Today’s temperature was 95 degrees when I ventured outside, and this steamy, Mid-Atlantic air feels like soup. It’s comically uncomfortable. Every year, I know it’s coming, but it’s hard to remember just how funny and terrible it is until I’m feeling it.
I made another of these dresses from double gauze. It’s the perfect garment if you live in soup, as I do.
It’s so easy and fast to make, one of those one-size patterns, and it’s mostly made of rectanglish shapes.
The double gauze is so good in the hot weather, although really I wear it all winter, too, because it’s my favorite thing.
These winter months are somehow so tiring. I guess most of us feel that way.
I am proud of myself for managing anything. Have I filed some papers? Good work, me! Made dinner? I have now exceeded expectations!
It’s nice to sit and work on quiet projects. I have a shawl-wrap thing in progress. I nose through my stashes of fabric and yarn, thread and other small things, making plans. It’s a good time to look through what I’ve already made and enjoy it.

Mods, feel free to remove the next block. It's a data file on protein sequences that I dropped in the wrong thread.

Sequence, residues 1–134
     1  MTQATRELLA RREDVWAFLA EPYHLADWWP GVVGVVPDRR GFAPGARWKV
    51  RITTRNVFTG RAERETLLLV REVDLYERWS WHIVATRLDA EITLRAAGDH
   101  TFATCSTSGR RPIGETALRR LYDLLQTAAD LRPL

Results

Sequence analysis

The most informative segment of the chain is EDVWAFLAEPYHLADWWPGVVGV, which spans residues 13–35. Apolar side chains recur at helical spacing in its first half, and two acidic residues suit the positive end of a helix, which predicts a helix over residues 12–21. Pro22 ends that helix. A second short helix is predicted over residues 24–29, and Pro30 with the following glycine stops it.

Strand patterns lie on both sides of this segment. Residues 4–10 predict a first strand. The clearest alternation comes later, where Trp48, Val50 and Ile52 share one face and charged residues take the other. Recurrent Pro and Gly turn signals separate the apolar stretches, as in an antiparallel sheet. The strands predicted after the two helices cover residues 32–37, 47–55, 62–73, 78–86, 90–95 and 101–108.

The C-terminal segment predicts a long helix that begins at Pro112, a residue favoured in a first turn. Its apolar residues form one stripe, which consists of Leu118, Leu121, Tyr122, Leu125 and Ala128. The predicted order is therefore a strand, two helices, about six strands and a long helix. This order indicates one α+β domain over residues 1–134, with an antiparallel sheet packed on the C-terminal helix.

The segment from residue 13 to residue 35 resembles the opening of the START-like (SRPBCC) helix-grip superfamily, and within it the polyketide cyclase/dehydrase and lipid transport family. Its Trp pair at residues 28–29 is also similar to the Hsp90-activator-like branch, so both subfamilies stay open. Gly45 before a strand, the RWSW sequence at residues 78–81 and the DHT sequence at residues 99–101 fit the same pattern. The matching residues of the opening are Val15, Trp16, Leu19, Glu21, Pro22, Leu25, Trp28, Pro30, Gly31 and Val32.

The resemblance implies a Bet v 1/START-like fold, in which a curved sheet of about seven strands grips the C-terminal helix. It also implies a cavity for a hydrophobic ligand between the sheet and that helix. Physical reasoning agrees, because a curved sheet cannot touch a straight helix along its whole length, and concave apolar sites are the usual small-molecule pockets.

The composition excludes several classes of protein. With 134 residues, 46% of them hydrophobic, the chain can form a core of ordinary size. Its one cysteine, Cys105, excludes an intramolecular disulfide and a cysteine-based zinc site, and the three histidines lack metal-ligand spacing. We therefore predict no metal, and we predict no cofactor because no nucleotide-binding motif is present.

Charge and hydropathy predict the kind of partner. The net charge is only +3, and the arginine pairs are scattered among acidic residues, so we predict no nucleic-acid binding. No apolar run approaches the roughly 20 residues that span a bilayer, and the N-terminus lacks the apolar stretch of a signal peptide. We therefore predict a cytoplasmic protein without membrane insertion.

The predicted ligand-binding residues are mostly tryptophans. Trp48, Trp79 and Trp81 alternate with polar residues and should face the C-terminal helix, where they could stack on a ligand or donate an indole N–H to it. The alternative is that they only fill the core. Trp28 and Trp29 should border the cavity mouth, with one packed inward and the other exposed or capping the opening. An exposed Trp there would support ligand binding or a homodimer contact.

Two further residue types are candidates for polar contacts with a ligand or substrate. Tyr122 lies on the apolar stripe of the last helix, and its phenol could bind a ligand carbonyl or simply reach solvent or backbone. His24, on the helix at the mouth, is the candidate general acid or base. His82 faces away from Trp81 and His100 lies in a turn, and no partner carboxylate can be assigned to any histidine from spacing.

I’ve been wearing this sweater constantly. It was a second version of Junko Okamoto’s wonderful Teru pattern. I didn’t do the color work in the pattern, instead adding bits of color as I wanted to here and there.
The day I took this photo I wore it with one of a bunch of tunic tops I’ve made, I think they’re from the pattern book Adult Couture Dress & Smock Blouse by Ryoko Tsukiori. I did them years ago and I can’t remember for sure. Some of my books have very similar patterns so it gets confusing sometimes.
March is the time for blue poppies to bloom in the greenhouse at Longwood Gardens. My son and I took a detour one day to visit them, and that felt really nice.
This week, I summoned the courage to use the last of this favorite printed fabric. Gabrielle, in this photo, was not convinced it was a good idea. That’s okay, because it’s not her fabric.
The one-size garment patterns from Japanese designers are very compelling, I think, and I find myself reaching for those garments the most lately. They’re comfortable without being gym clothes, the lines are interesting and I love the details.
Even though I’m not hiding from the world anymore, I don’t think I’ll stop making tiny mice.
Here’s one of the three I did.
The skilled and talented Ann Wood provided a free pattern for them, in case you want to try to make some. Here’s a link: link.
I sent the other two to live with my mother-in-law, a true lover of mice.
I gave all three mice scarves to wear, because it’s cold.
The mice are an easy and fun project. They use small scraps of felt and fabric, and I stuffed mine with the snippets of felt left from cutting out mouse parts, yarn ends I cut from my knitting and crochet, frayed scraps of fabric, that kind of thing.